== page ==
This is a helper post in my December 2013 series about Linux Virtual Machine Performance Tuning. For more, please see the tag “Linux VM Performance Tuning.”
Here’s a minimal kickstart file for a virtual machine installation of RHEL 6, CentOS 6, or Oracle Linux 6. I use this in conjunction with tools like Puppet and Chef to do the rest of my system configuration. I provision 30 GB thin-provisioned disks to each VM, leaving the rest of it unallocated until needed. While this leads to a disk overcommitment situation that’s manageable, and a tradeoff to ensure more standardization and ease of administration & automation.
I remove a number of packages that we don’t necessarily need on a virtual machine, either because they’re irrelevant (microcode_ctl) or they duplicate what the hypervisor does already (sysstat). I also use Sendmail more than I use Postfix, and one of them needs to be on the system (which is annoying), so I make that choice at install time, too.
My kickstart has filesystems in it to help with CIS Benchmark configurations. Another great resource is Major Hayden’s (Racker Hacker) secure kickstarts, which already have the CIS Benchmark configured into them. The difference is that I do CIS compatibility via Puppet after build time, he does it at build time. There are pros and cons either way, make your own informed decision!
install key abcdefdeadbeef lang en_US.UTF-8 keyboard us rootpw --iscrypted $6$putapasswordhashofyourownhere firewall --enabled --port=22:tcp authconfig --enableshadow --passalgo=sha512 selinux --disabled reboot network --noipv6 --device=eth0 --bootproto=dhcp timezone America/Chicago bootloader --location=mbr --driveorder=sda --append="rhgb quiet" interactive graphical firstboot --disable clearpart --all part /boot --fstype=ext4 --size=250 part pv.6 --grow --size=1 volgroup Volume00 --pesize=65536 pv.6 logvol /home --fstype=ext4 --fsoptions="defaults,relatime,nodev,discard" --name=LogVol01 --vgname=Volume00 --size=500 logvol /tmp --fstype=ext4 --fsoptions="defaults,relatime,nodev,nosuid,noexec,discard" --name=LogVol03 --vgname=Volume00 --size=250 logvol /var --fstype=ext4 --fsoptions="defaults,relatime,discard" --name=LogVol06 --vgname=Volume00 --size=600 logvol /var/log --fstype=ext4 --fsoptions="defaults,relatime,discard" --name=LogVol08 --vgname=Volume00 --size=250 logvol /var/log/audit --fstype=ext4 --fsoptions="defaults,relatime,discard" --name=LogVol11 --vgname=Volume00 --size=250 logvol / --fstype=ext4 --fsoptions="defaults,relatime,discard" --name=LogVol00 --vgname=Volume00 --size=5000 %packages @Base @Core -abrt-libs -abrt-tui -abrt-cli -abrt -abrt-addon-python -abrt-addon-ccpp -abrt-addon-kerneloops -Red_Hat_Enterprise_Linux-Release_Notes-6-en-US -acipd -b43-fwcutter -blktrace -bridge-utils -cpuspeed -fprintd-pam -irqbalance -kexec-tools -ledmon -microcode_ctl -mlocate -pcmciautils -pinfo -psacct -quota -pm-utils -rfkill -scl-utils -smartmontools -sos -strace -sysstat -systemtap-runtime -usbutils -vconfig -wireless-tools -postfix -dovecot -spamassassin sendmail %end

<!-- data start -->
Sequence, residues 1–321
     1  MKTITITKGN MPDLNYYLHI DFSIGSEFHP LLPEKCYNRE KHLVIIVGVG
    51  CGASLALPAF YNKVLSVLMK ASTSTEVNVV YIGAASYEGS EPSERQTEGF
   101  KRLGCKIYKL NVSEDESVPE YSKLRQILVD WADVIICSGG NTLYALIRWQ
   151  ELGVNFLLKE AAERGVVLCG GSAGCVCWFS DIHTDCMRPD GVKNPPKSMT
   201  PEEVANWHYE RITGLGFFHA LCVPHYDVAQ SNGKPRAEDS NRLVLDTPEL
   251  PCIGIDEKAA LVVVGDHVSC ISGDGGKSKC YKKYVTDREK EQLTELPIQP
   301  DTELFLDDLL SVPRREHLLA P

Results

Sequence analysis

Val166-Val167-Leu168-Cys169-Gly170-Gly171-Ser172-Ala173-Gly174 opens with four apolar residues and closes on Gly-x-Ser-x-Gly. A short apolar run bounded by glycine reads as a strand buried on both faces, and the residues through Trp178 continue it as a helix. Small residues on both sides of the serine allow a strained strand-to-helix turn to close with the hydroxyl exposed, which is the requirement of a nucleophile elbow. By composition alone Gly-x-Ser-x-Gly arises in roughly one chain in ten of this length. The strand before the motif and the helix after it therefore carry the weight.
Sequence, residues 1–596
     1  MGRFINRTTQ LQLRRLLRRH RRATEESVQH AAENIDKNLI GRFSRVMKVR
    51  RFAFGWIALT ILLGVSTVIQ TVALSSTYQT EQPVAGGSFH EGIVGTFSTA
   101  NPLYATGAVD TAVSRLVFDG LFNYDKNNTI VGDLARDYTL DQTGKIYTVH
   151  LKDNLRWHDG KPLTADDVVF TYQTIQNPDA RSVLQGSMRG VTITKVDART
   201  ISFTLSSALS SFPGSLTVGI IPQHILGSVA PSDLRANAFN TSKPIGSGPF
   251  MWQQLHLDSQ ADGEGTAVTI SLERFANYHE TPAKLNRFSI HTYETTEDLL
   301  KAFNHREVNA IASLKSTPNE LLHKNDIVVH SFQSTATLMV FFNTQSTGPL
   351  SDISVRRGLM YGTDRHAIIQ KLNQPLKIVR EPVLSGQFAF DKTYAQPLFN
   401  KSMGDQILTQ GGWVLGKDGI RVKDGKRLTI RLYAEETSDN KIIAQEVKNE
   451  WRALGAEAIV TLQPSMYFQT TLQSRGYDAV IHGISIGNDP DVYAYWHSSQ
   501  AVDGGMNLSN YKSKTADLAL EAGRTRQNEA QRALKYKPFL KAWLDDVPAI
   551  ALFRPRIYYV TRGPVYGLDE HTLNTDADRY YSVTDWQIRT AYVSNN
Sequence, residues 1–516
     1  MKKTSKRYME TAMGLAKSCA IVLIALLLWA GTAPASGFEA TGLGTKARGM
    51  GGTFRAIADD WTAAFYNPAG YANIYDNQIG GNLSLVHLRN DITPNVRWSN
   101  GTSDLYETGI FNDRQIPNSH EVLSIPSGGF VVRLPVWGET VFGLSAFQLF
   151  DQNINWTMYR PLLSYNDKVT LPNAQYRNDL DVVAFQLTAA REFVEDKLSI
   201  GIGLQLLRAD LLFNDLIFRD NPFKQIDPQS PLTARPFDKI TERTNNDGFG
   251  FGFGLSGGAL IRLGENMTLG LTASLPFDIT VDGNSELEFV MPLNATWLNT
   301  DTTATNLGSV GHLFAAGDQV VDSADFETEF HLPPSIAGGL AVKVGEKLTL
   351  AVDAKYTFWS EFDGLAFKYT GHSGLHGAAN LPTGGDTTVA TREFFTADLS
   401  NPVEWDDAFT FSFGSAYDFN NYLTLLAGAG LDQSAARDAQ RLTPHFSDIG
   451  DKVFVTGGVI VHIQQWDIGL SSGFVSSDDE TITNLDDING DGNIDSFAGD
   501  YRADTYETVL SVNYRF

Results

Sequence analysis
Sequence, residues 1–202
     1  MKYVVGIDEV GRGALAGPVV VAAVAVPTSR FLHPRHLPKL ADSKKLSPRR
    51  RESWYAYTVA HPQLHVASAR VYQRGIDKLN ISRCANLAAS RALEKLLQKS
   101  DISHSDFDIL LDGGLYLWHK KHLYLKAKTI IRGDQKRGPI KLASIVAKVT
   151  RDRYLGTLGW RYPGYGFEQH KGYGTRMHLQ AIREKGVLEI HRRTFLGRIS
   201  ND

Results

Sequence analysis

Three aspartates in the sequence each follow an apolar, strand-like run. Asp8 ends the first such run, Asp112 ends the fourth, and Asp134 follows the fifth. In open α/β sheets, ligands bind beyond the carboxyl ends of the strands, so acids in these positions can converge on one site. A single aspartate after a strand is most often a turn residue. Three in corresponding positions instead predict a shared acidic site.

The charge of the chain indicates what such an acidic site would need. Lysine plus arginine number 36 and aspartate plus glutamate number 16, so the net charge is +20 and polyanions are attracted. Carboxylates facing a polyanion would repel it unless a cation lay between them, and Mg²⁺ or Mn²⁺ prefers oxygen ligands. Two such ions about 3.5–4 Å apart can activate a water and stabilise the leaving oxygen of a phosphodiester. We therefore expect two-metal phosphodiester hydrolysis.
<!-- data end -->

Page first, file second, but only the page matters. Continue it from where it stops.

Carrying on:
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So, even though it isn’t the CIS, another good resource is the USGCB. Unfortunately, at this time, they only have a kickstart available that works with RHEL5/CENTOS5, etc. But, it is definitely a good resource: http://usgcb.nist.gov/usgcb/content/configuration/workstation-ks.cfg
That appears to be mainly for desktop use, but you are correct, it is a good starting point. I’m trying to learn more about the whole SCAP/CCE part now, that’s new to me.
SELinux disabled? Bad form!
SELinux is security masturbation. Just turn it on if you need it and quit trolling.
Gents, this is why the internet is disabling comments. I enable SElinux where I need it via Puppet, and this way I can have a single template that suits more of my needs. I generally dislike SElinux as it has a pretty low ROI when compared to other areas admins can spend time, like actually patching or implementing automation. If you like complexity you’ll love SElinux.
Further discussion of my SElinux proclivities will be considered off topic and evidence of a holy war.
I appreciate that you don’t want to have some sort of “holy war” about SELinux on your comment section, but perhaps you can cover your reasons with more details? Perhaps in a separate post?
I notice there’s no swap in this example, is that deliberate? Is that configured at a later stage by puppet?